Mario Schifano (Homs 1934 – Rome 1998), When I remember Giacomo Balla – New York City 1964
Graphite enamel and collage on paper cm 67,5 x 56,5 entitled and dated lower right. The artwork is archived in the General Archive of Mario Schifano’s work, edited by Monica Schifano, with authentication released on 12/04/2010.
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Mario Schifano is an Italian artist and painter highly appreciated internationally for his continuous artistic experimentation as well as for opening up to an Italian way towards pop-art. After moving to Rome with his family after the end of the war, the young Schifano began his artistic activity as a painter. His first works were influenced by the influence of Informal Art and he inaugurated his first solo exhibition in 1959 at the Appia Antica Gallery in Rome. Already from the following year, Schifano’s painting underwent a radical change. The artist paints monochrome paintings; cards covered with a single uniform and superficial color almost a sort of screen in which all events and objects are canceled. During 1962 Schifano visited the United States where he came into contact with Andy Warhol and the Pop Art movement, being very fascinated by the work of Dine and Kline. At that time, some of his works will be exhibited at the New Realist exhibition at the Sidney Janis Gallery in New York where they are no longer confronted with the European new realists (Schifano, Arman, Christo, Hains, Klein, Raysse, Rotella, Spoerri and Tinguely). The historical exponents of the American neodada such as Johns, Rauschenberg, Stankiewicz and Chamberlain but the new generation destined to explode under the banner of Pop Art or Warhol, Jim Dine, Indiana, Lichtenstein, Oldenburg, Rosenquist, Segal, Thiebaud and Wesselmann. After setting up several solo shows in some of the major European cities such as Rome, Paris and Milan, he returned to the United States in late 1963.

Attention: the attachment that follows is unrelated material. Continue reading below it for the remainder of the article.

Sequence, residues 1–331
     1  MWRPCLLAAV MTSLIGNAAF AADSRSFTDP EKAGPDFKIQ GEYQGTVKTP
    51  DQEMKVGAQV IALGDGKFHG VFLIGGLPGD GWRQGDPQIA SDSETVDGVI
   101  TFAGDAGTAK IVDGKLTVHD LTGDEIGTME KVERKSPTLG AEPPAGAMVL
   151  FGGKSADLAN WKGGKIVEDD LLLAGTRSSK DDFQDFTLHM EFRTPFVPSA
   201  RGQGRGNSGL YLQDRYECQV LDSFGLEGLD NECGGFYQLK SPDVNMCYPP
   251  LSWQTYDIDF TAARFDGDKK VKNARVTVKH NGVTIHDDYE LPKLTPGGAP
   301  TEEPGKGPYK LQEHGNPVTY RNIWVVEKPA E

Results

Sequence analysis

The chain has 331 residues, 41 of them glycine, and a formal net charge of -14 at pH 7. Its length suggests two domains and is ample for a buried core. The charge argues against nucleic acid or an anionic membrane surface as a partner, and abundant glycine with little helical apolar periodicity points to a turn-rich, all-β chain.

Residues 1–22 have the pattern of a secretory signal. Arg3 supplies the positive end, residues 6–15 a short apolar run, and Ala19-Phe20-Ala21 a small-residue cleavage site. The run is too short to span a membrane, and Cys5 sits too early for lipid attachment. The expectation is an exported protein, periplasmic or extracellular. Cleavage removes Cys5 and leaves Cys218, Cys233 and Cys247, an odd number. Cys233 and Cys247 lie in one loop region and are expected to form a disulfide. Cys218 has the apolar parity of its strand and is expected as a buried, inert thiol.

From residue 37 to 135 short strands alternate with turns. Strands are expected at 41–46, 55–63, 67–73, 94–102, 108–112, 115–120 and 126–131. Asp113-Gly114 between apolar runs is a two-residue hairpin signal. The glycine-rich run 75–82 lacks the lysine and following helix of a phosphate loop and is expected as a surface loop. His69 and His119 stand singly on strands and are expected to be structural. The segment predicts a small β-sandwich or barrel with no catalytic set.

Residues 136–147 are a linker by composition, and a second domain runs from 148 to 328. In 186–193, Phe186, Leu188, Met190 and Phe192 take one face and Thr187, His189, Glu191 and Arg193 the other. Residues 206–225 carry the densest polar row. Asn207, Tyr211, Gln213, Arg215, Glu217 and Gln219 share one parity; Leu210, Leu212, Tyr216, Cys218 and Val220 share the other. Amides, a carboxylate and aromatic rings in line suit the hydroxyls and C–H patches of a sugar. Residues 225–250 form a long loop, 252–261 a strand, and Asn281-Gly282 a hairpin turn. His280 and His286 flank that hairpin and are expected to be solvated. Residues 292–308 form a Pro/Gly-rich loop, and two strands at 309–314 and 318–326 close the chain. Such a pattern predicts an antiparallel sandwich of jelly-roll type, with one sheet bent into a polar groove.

Just in 1963 the relationship between Schifano and the merchant Ilena Sonnabend who had imposed it on the American market broke. His “Incidents” and “Anemic Landscapes” became famous and, at the top of his career, he stopped producing monochrome paintings and began to revisit the masters of the past, from the classics to the avant-garde. Here is “When I Remember Giacomo Balla”, a series of tributes to the great futurist which includes the work presented here performed in 1964.
Back from the USA, Schifano rediscovers the technique of the past but more precisely his personal figuration of the past. By revisiting the history of art, Schifano begins to work on thematic cycles. It is the period from the late 60s to the mid 70s when landscapes become increasingly synthetic and gestural, leading his works towards the famous Anemic Landscapes. In 1971 he participated in the exhibition Vitality of the negative in Italian art 1960-70, curated by Achille Bonito Oliva and is present at the X Quadrennial in Rome.